Note: I wrote this “welcome” blog post to my TU Dortmund  students  for a course on Anarchism in America, March 2014. I think a lot about work. Thinking about work is an important part of my jobs, all of my jobs. Practitioners of “cultural studies” are self-reflexive about methods, disciplines, and canons; the best teachers interrogate lesson plans and classroom decisions to no end; and graduate students waver precariously between the roles of apprentice, colleague, and professional, with a variety of tasks — including research, writing, teaching, networking, professionalizing —  attending our every waking thought. I am grateful that today’s lesson returned me to Emma Goldman’s “Anarchism: What it really stands for,” an essay that already saved my life twice in graduate school.[…]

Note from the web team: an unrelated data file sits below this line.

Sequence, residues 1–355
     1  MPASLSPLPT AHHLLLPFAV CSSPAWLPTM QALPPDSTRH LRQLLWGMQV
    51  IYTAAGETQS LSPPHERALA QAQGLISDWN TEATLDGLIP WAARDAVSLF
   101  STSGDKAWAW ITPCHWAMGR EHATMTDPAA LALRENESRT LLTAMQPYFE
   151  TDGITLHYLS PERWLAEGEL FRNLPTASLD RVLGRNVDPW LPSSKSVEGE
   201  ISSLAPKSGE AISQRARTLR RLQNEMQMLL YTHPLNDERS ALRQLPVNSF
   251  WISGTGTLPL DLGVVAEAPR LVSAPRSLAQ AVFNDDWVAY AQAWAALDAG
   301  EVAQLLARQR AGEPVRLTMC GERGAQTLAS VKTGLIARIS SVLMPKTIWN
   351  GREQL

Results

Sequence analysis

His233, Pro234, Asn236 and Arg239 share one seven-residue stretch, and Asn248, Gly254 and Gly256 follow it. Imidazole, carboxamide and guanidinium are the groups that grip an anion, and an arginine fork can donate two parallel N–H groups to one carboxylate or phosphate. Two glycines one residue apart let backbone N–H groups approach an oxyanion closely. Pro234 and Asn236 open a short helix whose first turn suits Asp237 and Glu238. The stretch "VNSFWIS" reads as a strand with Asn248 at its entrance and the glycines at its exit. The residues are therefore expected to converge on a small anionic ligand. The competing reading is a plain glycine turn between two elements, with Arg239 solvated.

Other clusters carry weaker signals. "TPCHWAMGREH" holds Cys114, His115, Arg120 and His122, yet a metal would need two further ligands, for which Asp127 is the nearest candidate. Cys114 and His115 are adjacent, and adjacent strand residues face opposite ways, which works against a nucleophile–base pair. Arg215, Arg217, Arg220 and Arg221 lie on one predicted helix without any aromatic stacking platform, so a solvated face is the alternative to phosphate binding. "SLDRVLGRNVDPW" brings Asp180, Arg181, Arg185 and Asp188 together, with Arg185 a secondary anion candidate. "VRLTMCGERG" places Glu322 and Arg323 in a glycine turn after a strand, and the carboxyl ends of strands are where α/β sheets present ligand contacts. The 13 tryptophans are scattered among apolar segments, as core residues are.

Note: I wrote this “welcome” blog post to my TU Dortmund  students  for a course on The New York Poets, March 2014. I admitted in our first meeting that this is a new kind of course for me. I have never taught a class committed entirely to poetry or to the twentieth-century. My other offering this term, a cultural history of anarchism in the United States, is much more typical (that is, if I’ve been around long enough to have a “type”). I entered a graduate program in literature with an uneven bundle of interests: Walt Whitman, Marx/Hegel, labor history, and not making a fool of myself. I’ve come to love poetry, but it was a long, stubborn struggle. Sure, I was “a Whitman guy,”[…]